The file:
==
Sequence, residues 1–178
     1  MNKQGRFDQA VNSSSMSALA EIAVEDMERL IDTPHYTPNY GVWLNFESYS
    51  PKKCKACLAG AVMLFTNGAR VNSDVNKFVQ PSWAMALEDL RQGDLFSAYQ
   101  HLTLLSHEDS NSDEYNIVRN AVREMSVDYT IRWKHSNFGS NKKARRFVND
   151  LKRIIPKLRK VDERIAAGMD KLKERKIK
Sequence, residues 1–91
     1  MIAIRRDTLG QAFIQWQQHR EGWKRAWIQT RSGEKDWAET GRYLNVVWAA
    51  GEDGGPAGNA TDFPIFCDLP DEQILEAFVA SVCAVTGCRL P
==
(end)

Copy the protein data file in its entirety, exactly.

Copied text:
Sequence, residues 1–178
     1  MNKQGRFDQA VNSSSMSALA EIAVEDMERL IDTPHYTPNY GVWLNFESYS
    51  PKKCKACLAG AVMLFTNGAR VNSDVNKFVQ PSWAMALEDL RQGDLFSAYQ
   101  HLTLLSHEDS NSDEYNIVRN AVREMSVDYT IRWKHSNFGS NKKARRFVND
   151  LKRIIPKLRK VDERIAAGMD KLKERKIK
Sequence, residues 1–91
     1  MIAIRRDTLG QAFIQWQQHR EGWKRAWIQT RSGEKDWAET GRYLNVVWAA
    51  GEDGGPAGNA TDFPIFCDLP DEQILEAFVA SVCAVTGCRL P